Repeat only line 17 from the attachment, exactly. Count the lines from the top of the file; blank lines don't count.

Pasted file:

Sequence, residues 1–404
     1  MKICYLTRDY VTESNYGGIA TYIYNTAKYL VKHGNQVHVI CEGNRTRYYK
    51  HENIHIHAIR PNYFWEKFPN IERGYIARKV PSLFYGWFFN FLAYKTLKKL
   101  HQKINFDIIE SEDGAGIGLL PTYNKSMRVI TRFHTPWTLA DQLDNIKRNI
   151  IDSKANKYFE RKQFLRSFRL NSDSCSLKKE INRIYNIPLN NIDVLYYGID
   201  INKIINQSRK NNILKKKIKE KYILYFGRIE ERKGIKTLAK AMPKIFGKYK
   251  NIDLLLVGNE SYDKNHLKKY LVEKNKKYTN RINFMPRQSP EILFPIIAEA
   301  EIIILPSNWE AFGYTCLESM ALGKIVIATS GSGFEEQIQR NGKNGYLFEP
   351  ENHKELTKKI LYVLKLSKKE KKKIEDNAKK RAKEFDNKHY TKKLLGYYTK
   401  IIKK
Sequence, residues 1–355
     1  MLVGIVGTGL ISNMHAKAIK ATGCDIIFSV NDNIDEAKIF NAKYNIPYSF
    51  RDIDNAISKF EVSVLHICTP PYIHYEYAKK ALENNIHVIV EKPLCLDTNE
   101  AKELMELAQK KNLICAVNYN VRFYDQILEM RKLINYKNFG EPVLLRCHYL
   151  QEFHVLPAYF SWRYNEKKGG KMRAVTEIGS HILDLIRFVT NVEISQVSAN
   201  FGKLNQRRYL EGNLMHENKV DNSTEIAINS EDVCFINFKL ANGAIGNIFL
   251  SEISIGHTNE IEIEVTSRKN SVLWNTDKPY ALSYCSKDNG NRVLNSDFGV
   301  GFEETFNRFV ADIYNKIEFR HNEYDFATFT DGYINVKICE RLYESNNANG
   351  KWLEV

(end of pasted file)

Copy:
   251  SEISIGHTNE IEIEVTSRKN SVLWNTDKPY ALSYCSKDNG NRVLNSDFGV